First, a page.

A well considered brand identity with a classic mark that also speaks with an appropriate tone of voice visually. A great example for our year 1 & 2 students to learn from.
Here we feature a series of first day cover stamps celebrating the 200th anniversary of Mary Shelly’s classic novel.
This short film demonstrates the concept. Click to play.
A mobile app when placed over the insert brings the story of Frankenstein alive! Click to play.
The Sainsbury Archive is an online repository of the supermarket chain’s history containing everything from photographs to examples of advertising from the company’s 100+ years. Particularly fascinating for designers is the wealth of packaging material on here, with hundreds of examples of Sainsbury’s own brand designs.
What we have here is no less than the story of UK consumer communication, where the timeline interface can be used to discover the changing design trends and impact of new production process right through the 20th century. The work of Peter Dixon’s in-house team is particularly fascinating, each 1000’s of new product packaging was introduced or re-designed, each with their own distinct graphic approach. As well as pictures, much of the packaging is shown as flat artwork proofs which will be of interests to students of 3D design. Aside from packaging, the photographs of store fronts, press and poster ads an even old editions of the Sainbury’s in-house packaging allow from the trace the evolution of how one of the countries biggest retail brands have communicated with it’s audience. This is a fantastic resource for research into any design project.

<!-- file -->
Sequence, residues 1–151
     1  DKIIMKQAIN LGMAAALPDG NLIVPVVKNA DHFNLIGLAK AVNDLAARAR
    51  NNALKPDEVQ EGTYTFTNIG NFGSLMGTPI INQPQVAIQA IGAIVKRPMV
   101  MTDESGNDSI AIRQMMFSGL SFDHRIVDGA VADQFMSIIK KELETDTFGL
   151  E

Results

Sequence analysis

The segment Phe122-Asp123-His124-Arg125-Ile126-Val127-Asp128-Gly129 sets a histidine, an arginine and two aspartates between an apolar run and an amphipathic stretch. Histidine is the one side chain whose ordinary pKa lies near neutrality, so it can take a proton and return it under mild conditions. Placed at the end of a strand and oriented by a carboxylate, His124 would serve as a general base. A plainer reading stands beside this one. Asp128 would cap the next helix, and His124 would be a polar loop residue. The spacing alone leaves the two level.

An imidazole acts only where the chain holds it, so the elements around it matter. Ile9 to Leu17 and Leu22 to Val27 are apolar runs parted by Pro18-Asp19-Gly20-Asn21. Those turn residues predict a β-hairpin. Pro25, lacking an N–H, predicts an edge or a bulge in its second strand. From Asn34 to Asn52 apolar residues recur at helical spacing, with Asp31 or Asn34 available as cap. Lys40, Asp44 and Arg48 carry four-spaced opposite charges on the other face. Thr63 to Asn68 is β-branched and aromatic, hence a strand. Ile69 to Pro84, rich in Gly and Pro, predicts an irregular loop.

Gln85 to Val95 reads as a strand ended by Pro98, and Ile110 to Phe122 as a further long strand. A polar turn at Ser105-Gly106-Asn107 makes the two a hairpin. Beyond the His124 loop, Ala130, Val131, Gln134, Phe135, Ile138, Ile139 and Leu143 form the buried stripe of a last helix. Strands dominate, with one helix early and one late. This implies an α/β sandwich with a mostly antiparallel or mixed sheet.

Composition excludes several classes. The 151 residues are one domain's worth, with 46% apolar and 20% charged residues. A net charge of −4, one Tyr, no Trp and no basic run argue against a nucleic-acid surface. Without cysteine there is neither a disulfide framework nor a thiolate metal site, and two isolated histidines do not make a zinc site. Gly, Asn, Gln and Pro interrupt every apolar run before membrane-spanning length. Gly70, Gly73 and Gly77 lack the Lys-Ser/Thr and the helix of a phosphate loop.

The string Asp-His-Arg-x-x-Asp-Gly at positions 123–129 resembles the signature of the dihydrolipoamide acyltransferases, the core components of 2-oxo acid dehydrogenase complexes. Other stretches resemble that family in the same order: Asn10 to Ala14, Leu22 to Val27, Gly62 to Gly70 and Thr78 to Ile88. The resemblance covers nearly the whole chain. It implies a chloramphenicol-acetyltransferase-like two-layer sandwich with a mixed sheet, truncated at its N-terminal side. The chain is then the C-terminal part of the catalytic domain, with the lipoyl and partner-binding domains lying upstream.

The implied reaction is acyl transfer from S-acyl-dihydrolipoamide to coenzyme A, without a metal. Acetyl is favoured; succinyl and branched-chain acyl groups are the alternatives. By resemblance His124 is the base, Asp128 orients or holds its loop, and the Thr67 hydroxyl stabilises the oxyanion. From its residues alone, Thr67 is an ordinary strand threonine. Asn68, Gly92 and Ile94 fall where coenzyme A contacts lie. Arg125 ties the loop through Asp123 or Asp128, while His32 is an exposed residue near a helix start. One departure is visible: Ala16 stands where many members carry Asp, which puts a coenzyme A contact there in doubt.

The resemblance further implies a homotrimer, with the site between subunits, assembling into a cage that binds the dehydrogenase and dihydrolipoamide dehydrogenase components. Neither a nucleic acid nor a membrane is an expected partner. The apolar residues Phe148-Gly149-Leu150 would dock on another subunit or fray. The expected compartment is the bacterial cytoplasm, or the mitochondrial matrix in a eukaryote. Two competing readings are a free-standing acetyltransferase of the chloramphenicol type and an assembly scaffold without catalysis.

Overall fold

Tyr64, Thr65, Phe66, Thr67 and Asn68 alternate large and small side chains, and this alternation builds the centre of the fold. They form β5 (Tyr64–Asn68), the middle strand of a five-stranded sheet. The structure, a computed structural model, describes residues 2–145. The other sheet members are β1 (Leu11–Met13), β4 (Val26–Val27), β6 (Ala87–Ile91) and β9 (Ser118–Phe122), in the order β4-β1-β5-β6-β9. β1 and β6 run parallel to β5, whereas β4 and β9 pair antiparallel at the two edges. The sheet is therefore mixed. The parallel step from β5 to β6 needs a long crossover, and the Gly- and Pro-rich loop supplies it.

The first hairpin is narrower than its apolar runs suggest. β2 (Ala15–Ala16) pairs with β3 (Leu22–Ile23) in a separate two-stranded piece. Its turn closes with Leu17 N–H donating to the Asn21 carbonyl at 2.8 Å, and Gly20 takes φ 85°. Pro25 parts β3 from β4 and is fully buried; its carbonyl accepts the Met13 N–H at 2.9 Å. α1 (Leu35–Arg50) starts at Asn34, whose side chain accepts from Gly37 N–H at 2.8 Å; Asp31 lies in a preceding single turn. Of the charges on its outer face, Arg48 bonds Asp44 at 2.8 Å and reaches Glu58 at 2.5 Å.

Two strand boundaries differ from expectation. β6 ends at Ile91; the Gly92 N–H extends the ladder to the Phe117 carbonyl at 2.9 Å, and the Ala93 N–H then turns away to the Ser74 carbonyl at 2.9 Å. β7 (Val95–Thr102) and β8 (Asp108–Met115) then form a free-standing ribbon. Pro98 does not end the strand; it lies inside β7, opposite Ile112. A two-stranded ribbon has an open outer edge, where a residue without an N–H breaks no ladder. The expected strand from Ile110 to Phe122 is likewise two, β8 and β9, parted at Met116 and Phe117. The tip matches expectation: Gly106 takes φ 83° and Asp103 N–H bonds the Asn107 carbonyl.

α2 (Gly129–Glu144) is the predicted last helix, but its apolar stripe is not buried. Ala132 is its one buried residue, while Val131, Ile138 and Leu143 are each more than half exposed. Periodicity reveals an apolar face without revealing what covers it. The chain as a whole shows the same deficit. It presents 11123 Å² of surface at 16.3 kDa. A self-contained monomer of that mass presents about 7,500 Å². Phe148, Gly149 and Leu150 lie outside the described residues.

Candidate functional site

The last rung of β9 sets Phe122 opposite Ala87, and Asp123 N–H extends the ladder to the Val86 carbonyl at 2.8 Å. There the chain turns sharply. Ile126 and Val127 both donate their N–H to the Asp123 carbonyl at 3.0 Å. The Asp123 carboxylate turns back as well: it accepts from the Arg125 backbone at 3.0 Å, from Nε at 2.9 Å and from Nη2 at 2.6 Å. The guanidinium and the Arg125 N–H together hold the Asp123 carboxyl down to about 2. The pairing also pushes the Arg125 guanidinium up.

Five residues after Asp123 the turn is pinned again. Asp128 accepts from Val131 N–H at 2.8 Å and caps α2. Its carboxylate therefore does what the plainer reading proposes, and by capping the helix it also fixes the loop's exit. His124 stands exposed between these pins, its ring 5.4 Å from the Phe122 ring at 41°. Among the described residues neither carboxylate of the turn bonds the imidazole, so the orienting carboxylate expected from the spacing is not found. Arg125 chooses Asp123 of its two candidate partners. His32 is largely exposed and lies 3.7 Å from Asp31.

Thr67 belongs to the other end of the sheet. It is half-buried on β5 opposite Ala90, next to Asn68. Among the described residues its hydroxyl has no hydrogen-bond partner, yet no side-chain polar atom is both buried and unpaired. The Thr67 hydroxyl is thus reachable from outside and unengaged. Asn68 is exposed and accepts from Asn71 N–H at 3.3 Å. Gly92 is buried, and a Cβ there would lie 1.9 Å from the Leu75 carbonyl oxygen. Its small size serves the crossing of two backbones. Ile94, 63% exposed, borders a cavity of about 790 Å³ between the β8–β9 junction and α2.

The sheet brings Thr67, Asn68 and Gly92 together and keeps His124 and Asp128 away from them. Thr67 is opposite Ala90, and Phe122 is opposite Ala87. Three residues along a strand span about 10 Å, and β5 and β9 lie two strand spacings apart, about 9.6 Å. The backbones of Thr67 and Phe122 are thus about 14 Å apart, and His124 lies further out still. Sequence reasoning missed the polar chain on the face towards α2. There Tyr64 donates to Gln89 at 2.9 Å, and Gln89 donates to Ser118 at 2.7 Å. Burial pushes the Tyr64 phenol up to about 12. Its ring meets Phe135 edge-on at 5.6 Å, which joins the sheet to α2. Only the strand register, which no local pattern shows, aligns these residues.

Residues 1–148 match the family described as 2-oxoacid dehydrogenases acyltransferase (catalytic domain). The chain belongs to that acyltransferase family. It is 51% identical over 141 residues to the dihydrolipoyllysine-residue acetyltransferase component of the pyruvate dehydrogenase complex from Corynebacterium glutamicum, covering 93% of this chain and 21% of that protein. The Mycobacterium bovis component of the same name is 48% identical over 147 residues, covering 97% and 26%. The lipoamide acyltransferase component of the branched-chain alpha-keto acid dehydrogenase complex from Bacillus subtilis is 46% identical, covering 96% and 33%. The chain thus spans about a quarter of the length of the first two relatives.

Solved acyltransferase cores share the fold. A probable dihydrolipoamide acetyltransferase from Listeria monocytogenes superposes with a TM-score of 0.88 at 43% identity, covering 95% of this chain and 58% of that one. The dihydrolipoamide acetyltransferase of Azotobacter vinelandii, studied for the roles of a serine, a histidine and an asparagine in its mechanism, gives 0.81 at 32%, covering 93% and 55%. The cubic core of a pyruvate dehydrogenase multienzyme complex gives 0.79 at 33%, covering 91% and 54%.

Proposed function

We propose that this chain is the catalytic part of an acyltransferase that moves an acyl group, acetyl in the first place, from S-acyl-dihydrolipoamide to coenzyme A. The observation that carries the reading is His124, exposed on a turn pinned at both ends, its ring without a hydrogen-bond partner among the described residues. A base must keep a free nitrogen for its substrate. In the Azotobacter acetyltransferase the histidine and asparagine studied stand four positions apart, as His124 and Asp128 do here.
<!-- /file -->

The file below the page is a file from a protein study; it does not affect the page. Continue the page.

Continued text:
Year 1 Graphics and Advertising students have recently completed their second one-week lateral thinking brief. Tutors and students alike have been impressed with the overall standard on show at the crit.
In fact, and though thought to be clandestine; some second and final year’s hushed conversations have been overheard…and betray the notion that perhaps this year’s crop have faired better than their own. Interesting, indeed.
This September, the UCLan graphic design staff welcomed 34 students from Nanyang Acadamy of Fine Arts in Singapore to the Preston campus. A five day itinerary included: sharing graduate work from Preston, a talk from the Reverend Jackson Whitehead aka Andy Bainbridge, a one-day instagram typography project, studio visits to design agencies in Manchester, and finally a cultural walking tour of Preston and its history led by Steve Bennett.